Chairman of Urology, Weill Cornell Medical Center
Former President, ASRM
Director, Male Reproductive Medicine, Mount Sinai Medical Center
As a field, there are two common questions when it comes to studying the implications of men trying to conceive as they grow older.
The first question is whether it becomes harder for that man to father a child. The answer appears to be yes, though at later ages than when it becomes problematic for a woman.
The second question is whether offspring of older men are any different than those of younger men. The answer appears to be yes. For the moment, this is most concentrated around the development of psychosocial disorders, but it’s important to remember that the absolute risk is still low.
While women are born with a finite number of eggs, which helps explain the drop-off in fertility in a woman’s 30’s and 40’s, men continually produce new sperm. This is why the impact of age on male infertility is more gradual and, frankly, harder to characterize.
Around a man’s mid-40’s age seems to become a factor. Below is a study looking at the length of time required to conceive for couples, broken down by the man’s age. As you can see, the amount of time rises sharply around age 45. The data comes from a study in the UK of over 2,000 births and the results were statistically significant.
Many studies plotting male age against their ability to conceive are unhelpful because the investigators don’t isolate out the fact that older men tend to have older female partners. This study isolates out those variables. To further adjust for the female-age confounder, the study’s investigators looked solely at the data for men who had partners under the age of 25. The cohort of men over the age of 35 are clearly negatively impacted.
There is good reason to believe that an older man’s challenges in conceiving can be counterbalanced if his female partner has especially good fertility.
To this point we’ve shown that older men require a longer time to conception. After conception, the risk of miscarriage remains relatively flat until the man enters his 50’s.
As always, we’re left to wonder how this impacts couples going through IVF. Said differently, can IVF help older men overcome the challenges of age to conceive. Frankly, the data is divided. We’ve seen compelling studies that both prove and disprove that paternal age plays a role in IVF success rates.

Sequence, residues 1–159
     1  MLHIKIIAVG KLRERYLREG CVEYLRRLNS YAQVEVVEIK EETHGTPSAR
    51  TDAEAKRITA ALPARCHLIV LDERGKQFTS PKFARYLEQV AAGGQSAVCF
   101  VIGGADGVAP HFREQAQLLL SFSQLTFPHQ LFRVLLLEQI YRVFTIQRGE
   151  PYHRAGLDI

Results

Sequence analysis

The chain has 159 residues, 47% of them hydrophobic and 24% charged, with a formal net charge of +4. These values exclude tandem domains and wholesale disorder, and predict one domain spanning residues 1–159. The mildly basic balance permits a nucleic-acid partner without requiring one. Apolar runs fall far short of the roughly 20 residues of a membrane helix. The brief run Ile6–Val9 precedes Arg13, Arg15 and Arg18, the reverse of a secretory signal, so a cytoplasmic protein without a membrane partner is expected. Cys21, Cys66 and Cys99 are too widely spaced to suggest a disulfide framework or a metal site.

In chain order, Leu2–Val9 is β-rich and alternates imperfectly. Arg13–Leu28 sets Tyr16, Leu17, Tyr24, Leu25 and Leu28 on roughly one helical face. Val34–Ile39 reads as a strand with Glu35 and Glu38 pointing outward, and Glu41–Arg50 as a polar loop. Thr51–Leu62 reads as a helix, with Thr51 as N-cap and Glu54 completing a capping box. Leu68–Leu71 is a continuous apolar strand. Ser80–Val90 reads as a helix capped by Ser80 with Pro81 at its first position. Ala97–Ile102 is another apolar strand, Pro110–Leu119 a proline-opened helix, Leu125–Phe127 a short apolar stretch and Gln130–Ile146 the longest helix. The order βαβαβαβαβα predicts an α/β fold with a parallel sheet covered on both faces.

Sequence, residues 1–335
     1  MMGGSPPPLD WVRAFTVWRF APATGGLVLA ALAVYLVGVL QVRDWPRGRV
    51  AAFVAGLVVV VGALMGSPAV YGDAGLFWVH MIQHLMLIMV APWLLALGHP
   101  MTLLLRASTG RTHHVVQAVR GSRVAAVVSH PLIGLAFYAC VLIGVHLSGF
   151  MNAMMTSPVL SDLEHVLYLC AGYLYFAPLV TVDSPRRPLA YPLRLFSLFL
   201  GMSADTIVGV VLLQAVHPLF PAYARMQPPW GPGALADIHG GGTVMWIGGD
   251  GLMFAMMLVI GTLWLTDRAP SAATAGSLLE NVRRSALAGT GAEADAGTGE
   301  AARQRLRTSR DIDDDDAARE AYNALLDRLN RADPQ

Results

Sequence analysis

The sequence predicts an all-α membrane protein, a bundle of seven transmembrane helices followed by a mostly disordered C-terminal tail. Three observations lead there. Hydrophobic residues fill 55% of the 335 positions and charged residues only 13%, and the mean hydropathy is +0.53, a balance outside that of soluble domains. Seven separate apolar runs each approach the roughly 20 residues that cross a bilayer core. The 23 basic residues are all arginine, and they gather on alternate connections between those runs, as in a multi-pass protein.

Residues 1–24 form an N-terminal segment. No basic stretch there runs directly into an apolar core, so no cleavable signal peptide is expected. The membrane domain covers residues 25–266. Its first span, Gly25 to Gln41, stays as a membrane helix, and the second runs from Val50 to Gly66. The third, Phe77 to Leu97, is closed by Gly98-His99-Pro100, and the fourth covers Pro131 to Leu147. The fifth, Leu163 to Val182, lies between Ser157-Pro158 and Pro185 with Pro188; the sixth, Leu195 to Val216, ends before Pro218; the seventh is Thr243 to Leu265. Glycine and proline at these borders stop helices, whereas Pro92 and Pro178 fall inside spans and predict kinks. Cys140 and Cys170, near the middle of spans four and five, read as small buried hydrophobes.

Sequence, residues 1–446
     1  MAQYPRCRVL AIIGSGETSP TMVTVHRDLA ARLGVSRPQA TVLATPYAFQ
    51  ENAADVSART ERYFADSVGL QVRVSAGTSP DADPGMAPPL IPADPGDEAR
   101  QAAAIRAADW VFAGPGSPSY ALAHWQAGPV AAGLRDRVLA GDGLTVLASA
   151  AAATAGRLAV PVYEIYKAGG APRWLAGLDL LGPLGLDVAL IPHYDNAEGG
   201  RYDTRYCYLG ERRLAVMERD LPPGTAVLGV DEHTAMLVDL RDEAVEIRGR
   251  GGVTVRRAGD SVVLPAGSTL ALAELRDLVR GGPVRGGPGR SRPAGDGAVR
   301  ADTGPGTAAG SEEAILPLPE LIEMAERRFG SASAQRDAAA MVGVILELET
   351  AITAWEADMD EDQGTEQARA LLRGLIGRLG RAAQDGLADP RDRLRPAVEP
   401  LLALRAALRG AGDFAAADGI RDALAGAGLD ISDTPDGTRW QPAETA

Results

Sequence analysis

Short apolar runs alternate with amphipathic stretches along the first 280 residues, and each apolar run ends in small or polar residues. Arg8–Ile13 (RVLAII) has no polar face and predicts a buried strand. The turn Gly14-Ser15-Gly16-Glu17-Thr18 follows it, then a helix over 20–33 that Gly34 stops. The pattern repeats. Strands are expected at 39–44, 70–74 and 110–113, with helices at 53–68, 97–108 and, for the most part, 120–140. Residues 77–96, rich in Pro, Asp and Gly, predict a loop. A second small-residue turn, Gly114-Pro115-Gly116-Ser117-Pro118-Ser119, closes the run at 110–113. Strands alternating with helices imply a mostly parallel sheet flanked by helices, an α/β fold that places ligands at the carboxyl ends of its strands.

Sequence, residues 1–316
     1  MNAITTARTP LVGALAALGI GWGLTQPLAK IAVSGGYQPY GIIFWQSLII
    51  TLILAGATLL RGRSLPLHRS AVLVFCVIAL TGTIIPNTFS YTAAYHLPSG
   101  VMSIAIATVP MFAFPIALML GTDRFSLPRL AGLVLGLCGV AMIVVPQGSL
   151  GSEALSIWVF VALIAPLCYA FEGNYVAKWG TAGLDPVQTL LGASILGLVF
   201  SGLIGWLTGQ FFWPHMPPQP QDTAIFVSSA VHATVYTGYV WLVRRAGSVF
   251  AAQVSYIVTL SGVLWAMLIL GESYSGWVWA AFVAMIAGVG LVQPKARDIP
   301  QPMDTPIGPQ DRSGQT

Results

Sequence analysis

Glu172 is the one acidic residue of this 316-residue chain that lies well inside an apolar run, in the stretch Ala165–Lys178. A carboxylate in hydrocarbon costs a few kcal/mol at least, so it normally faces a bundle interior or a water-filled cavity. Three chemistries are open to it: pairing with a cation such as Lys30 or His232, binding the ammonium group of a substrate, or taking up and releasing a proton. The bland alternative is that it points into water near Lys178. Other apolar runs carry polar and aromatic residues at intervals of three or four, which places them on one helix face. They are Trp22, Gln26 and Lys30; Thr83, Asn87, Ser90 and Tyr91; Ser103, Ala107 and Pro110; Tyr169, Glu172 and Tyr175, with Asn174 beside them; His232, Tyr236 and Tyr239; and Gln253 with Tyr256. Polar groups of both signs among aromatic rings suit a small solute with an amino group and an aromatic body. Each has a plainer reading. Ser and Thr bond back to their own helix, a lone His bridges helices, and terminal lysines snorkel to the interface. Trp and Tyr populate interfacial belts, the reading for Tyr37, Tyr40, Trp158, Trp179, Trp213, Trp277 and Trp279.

At what age does it become ill-advised for a man to reproduce for fear it will impact the health of his offspring? The truth is, that’s still hard to say. It's still uncommon for men to father children after, say, the age of 50 (only 1% of births), and the downstream conditions linked to genetic anomalies (for instance, autism) are still relatively rare, so we need much larger datasets to derive strong insight. That said, here’s what we know, or think we know.
The study we like best on this topic is a 2007 Kaiser Permanente review of the 150,000+ births in their system. The team did a nice job disaggregating a lot of variables and came to the conclusion that children born to fathers over age 40 had an 0.8% – 0.9% chance of developing Autism, up from around 0.2 – 0.5% for children born to men in younger age brackets.
Likely the best study on the impacts of a father’s age on children’s bipolar disorder comes from Sweden. Investigators looked at over 7 million births and over 14,000 cases of bipolar disorder. Ultimately investigators came to conclude that paternal age carries a gradual increased risk for bipolar disorder and that when paternal ages reach 55, there is a 37% increased relative risk. Since 1 in 100 Americans are diagnosed with Bipolar Disorder, the overall risk is likely below 2 in 100.
In our minds, the seminal study investigating advanced paternal age and schizophrenia (diagnosed by age 34 in the offspring) comes out of Israel. The effect is somewhat similar to what the team in Sweden noticed for bipolar disorder: a steady, increased relative risk with paternal age that peaks up, dramatically, for men over 50 and topping out at roughly 2%.
Another factor to consider is the burden placed on a child, or young man or woman, to care for their older parents. As more than one researcher has pointed out, the emotional pressures of elder care can be daunting for someone equipped with so little life experience and trying to establish their own foothold in life.
Macabre as it may be, when a man fathers a child after the age of 55, there is a 20% chance the father will pass away before the child turns 15. By all accounts children who suffer the loss of a parent from natural causes are more prone to depression and to need mental health care. Below are the odds that a father passes away at varying ages of the child.
Ultimately, paternal age is believed to have an impact on a number of conditions, the vast majority of which are extraordinarily uncommon. A team from Denmark took a close look at the literature, and their own population, and tried to ascribe the impact of paternal age on conditions ranging from the prevalent to the rare.